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JACK OF ALL TRADES, MASTER OF MANY

If you don’t have your own Jack Russell, you know at least one person who does. Typically a short, square, patchy, little dog, Jack Russells are likely the most heavily represented breed in South Africa’s pet scene. 
What we know to be a Jack Russell in our country is - on a visual basis at least - fairly removed from the Jack Russell breed that was developed in England in the mid-1800s. Three different breeds share the origins of the Jack Russell, these being the Jacks, the Parson’s Russell and the Fox Terrier, and as such we tend towards labelling any short, robust, predominantly white dog with patches of brown as a Jack Russell, or at least a mix. Longer legs and the presence of black in the coat sees us labelling the dog as a Fox Terrier mix. Visit any shelter page and you’ll find this to be an accurate statement. In truth, the Jack Russell Terrier comes in a variety of coat colours, coat types and length of leg and very rarely will two look the same. 
But who is the Jack when he is at home? 
For us to understand the needs of the Jack Russell as a pet, we need to look into his history and understand that form follows function and like any breed of dog, we have engineered him to perfectly fulfil a role.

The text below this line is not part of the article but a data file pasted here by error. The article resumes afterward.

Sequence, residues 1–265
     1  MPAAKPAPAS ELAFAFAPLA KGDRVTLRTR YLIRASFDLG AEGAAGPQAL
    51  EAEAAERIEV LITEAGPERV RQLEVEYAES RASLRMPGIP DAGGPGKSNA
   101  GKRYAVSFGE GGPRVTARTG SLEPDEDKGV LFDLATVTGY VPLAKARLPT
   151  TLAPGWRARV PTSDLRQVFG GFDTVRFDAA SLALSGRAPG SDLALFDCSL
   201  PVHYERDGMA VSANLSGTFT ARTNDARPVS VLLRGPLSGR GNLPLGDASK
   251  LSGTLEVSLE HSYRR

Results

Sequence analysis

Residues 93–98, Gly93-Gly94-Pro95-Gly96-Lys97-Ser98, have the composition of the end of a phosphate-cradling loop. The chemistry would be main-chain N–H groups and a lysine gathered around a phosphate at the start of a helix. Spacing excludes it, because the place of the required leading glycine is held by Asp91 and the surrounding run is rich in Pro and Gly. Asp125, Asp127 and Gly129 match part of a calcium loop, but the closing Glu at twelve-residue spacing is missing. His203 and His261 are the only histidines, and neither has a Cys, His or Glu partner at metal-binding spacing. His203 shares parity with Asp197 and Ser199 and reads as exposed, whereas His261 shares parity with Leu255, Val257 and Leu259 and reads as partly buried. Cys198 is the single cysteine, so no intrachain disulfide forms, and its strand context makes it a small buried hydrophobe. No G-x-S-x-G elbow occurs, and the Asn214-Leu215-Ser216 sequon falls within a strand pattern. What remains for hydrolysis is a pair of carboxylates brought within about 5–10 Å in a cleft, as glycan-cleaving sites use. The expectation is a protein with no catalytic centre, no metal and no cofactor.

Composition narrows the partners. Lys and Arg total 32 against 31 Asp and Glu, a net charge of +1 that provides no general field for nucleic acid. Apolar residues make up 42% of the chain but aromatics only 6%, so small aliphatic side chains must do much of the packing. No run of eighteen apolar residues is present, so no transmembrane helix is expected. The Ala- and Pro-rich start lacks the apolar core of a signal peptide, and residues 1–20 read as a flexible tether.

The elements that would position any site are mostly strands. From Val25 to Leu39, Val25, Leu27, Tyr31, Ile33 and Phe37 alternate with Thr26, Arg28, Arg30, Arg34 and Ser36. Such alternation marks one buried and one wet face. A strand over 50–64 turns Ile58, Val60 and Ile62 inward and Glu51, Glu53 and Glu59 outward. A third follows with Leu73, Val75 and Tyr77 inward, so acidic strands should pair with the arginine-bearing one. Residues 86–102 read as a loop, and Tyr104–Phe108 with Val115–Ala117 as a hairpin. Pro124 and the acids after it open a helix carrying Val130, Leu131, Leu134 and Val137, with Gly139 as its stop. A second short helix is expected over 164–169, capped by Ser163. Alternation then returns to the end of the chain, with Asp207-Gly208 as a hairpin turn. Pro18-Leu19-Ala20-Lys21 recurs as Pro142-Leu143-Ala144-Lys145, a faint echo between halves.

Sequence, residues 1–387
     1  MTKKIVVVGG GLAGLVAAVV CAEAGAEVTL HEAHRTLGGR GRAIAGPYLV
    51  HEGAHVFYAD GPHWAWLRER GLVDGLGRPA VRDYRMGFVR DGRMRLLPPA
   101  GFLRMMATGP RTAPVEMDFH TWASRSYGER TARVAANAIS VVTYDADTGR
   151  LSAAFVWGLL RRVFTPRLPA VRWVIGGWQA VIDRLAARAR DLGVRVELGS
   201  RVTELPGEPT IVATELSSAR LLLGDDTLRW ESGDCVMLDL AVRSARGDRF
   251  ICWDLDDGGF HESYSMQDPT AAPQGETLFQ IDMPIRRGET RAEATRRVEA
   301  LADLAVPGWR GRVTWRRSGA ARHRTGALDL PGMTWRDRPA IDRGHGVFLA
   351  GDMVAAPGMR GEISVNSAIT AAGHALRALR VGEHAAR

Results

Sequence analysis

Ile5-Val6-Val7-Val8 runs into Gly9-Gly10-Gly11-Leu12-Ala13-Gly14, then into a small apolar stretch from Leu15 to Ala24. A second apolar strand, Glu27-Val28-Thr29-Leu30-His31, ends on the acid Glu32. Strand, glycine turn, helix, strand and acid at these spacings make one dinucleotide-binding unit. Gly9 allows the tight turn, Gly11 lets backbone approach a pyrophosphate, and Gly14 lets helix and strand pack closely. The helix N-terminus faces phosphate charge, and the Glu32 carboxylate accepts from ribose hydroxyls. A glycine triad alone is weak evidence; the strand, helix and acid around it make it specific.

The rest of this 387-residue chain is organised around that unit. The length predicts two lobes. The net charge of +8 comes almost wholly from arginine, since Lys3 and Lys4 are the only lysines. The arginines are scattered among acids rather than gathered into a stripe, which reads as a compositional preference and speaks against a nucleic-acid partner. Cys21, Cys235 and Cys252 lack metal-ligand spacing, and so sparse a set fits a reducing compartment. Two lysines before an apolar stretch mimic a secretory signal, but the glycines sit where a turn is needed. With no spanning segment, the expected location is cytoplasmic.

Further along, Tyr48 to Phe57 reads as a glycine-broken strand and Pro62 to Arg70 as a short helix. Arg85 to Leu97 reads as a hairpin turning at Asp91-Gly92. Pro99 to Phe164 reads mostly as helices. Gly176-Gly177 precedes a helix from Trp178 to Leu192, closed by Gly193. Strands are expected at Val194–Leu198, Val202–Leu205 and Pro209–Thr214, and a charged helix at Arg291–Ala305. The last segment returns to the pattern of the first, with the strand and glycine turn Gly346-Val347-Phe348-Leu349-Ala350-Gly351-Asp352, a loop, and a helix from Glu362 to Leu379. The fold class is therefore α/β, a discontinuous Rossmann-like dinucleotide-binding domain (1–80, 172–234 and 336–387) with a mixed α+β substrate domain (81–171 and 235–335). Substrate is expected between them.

In the Jack Russell’s case, his role was to go underground in pursuit of foxes. For this he needed to be compact, athletic, persistent, vocal, and an excellent digger. 
It has been a long time since we’ve needed Jack Russells to go to ground and hunt foxes in South Africa, but we shouldn’t lose sight of the fact that the keys to his genetic make-up remain. As such we have pint-sized little terriers who have a deep-rooted desire to hunt, dig and bark. And bark. And bark!
Jack Russells are born with these traits and it is critical that potential owners understand that this little tyke needs a significant amount of input in his life each day. They are not a breed to be left home alone most of the day, unless you want complaints from your neighbours about their barking, or you are happy to have your garden extensively landscaped au Jack. If allowed access to the house while you are out, it is highly likely that you will return to your Jack having hollowed out your sofa in pursuit of, well - nothing, really. Your Jack needs secure fencing and gates, or he will perfect the art of escape. A Jack Russell’s athleticism and tenacity make them absolute masters at climbing, jumping and squeezing themselves through seemingly impossibly small and narrow spaces. Any dog who manages to escape once will never stop trying.